When Gordon Moore first coined the famous ``Moor's Law'' stating that processor power will double every eighteen months, only a few believed him. Interestingly the law is still valid in 1998. However if I now tell you that Internet is doubling every four months, you would again disbelieve me. But this is a fact, which everyone in the Internet industry has to live with. And if you plan to jump into this wild ISP industry you better get your dirty work of planning done before you start.
The nineties have been a decade of the HTTP and WWW. Starting with the first browser at CERN in 1991, the protocol has been particularly instrumental in the success of Internet around the world. And as this phenomenon grows at over 10 times a year, the only thing which limits it, is the infrastructure itself on which it runs on. VSNL itself, which has been in Indian ISP scene for around three years, has dramatically grown from a small bandwidth of a few 64KBPS links, to more than 125mbps today, and have plans to buy a couple of hundreds MBPS more in the coming months.
VSNL's realization of heavy usage of microsoft.com site by users in India resulted in their setting up a microsoft mirror site right here in India. But of course VSNL can't afford to setup a mirror site for all popular web-sites on the Internet.
A study on the Internet shows that about 30 to 70 percent of Internet traffic generated from a group of homogeneous set of client population could be redundant. For example all of my friends, and I'm sure most of you too would have search engines like altavista.digital.com or yahoo.com as the ``Default Home Page'' on your browser. And every time your browser opens up, the site pops up on your screen. Wouldn't it be great to have an ISP which is intelligent enough to remember the often downloaded sites on the Internet so that it needn't retrieve it every-time from that server in US. This is what ``Internet Caching'', or the ``Caching Technology'' is all about.
The first form of Caching started with the Internet browsers which started keeping a copy of site in a cache directory on the client itself for faster loading of pages which are repeatedly accessed. This was interesting achievement in itself, which improved a bit more with the second generation of cache softwares.
The Internet ``Proxy'' servers as we know today, were initially designed to proxy a group of clients hiding behind it, so that a single Internet connections could be used to browse by a group of clients. But the slow Internet connectivity forced the creators of these proxy servers to maintain a second level cache of all the browsers behind it. However unlike the simpler client end caching, these cache engines were much more enhanced in their ability to predict user preferences and periodically flushes out unused pages to optimize cache performance.
However it were the programmers and not scientists who designed these proxy cache engines. The work on ``cache'' module for these products were too early to be called an achievement. But as people around the world started analyzing httpd log files from web servers and routers, it was soon taken up as a mathematical challenge by adventurous scientists all over the world to predict traffic from a particular segment of homogeneous population. Starting with CERN httpd cache and later with ``HARVEST project'' the mathematical concepts started taking practical shape. Today there are more than 30 odd caching products available today for use of which many are customized version of SQUID, which was actually derived from the HARVEST project.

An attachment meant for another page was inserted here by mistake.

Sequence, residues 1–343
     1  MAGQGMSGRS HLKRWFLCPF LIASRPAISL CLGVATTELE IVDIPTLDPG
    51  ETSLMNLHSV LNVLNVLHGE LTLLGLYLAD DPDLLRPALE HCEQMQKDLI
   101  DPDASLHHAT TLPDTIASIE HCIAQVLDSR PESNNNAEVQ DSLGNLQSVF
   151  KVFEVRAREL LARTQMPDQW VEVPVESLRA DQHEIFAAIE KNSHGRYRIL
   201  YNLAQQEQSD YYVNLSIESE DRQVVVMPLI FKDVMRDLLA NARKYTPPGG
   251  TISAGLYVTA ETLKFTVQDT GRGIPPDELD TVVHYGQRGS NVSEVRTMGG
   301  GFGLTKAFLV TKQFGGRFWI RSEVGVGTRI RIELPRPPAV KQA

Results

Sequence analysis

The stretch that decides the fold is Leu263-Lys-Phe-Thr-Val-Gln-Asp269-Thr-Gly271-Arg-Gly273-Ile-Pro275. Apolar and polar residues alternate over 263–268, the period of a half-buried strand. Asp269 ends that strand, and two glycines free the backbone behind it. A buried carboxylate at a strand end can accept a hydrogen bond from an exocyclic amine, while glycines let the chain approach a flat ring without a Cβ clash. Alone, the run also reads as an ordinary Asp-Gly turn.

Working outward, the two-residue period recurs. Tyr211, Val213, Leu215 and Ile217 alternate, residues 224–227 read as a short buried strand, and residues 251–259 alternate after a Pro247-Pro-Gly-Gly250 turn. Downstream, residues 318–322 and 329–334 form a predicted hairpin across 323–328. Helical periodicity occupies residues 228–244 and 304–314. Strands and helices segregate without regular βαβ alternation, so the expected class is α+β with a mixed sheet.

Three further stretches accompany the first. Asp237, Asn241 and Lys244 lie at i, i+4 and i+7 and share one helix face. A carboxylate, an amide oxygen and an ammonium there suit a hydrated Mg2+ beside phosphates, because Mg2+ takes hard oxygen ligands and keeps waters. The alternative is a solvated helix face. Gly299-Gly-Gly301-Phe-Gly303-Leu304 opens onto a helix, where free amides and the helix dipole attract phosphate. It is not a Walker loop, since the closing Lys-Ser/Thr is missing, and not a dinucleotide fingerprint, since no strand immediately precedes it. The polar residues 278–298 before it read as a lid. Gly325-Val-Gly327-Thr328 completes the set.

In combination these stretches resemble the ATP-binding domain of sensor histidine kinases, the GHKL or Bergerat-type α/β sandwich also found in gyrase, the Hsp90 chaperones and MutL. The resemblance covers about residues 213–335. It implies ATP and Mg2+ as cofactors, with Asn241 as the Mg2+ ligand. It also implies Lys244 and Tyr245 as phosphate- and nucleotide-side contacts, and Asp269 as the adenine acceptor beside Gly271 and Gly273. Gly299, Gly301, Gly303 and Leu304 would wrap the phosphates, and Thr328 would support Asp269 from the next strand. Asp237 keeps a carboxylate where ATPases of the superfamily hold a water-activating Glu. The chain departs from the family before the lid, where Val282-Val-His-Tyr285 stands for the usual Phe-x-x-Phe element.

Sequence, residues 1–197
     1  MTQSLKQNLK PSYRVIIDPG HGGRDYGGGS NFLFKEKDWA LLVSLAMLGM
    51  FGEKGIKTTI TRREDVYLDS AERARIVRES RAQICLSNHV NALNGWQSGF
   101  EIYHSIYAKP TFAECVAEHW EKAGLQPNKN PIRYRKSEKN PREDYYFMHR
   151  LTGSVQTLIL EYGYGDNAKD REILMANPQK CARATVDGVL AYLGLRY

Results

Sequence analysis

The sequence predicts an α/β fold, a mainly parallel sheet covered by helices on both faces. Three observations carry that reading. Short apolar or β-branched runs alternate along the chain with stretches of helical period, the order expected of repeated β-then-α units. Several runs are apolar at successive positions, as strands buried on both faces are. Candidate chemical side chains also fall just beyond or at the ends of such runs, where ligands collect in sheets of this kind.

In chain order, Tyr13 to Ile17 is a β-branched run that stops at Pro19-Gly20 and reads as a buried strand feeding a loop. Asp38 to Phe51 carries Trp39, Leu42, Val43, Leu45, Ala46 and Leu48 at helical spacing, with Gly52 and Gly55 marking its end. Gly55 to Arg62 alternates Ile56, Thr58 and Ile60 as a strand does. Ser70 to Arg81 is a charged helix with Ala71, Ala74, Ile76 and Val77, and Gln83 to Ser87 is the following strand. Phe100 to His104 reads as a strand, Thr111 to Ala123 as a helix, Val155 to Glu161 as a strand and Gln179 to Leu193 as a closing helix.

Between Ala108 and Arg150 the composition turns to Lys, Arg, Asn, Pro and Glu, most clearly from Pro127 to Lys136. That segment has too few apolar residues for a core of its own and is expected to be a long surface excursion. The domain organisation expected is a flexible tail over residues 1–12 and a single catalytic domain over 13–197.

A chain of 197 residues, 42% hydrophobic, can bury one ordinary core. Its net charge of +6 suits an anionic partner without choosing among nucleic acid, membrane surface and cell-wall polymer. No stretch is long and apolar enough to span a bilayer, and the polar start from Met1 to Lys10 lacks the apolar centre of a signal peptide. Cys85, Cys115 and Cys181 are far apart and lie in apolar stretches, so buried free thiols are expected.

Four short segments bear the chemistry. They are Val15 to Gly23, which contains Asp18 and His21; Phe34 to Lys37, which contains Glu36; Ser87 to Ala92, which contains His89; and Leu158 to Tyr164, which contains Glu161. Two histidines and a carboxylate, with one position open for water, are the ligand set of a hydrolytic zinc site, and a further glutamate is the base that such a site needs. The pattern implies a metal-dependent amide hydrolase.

While Netscape and Microsoft sell their own version of Software cache engines, Companies like Network appliances, CISCO and Skycache have taken this a step further with hardware products based on the same which are ready to use out of the box appliances to do heavy duty traffic caching.
However, when we talk about ISPs, we have to separate the boys with men. Most of the Caching products are designed with small-scale networks or at most large enterprises in mind. Enforcing rules and mechanism for optimal use of cache can be enforced in these environments. But when one talk about ISPs providing services to consumers, they may not exactly be in a position to individually make people adhere to standards or policies, which might be essential for implementation of the cache services.
Both Microsoft and Netscape caches softwares which are designed for Enterprise in mind have one of the biggest drawbacks of forcing the user to manually set a proxy server address on the browser. To some this is not a problem as it's a onetime setting which needs to be set by the client, however the new ISP users in India would have enough at hand to learn already. On the other hand products from CISCO, inktomi and cobaltnet works so transparently for the end user that in most cases the clients may never know of its existence at all.
Products from CISCO , Cacheflow, Packetstorm and Cobaltnet are specialized hardware box or appliances which are optimized for caching. With a high speed storage device and heavy duty networking performance these appliances can actually be placed in front of the router to filter all traffic passing through a router. For even better performance you may like to prefer CISCO or Cacheflow over others because of their independence from an "OS" to run on. When an application talks directly with the hardware performance increase is dramatic.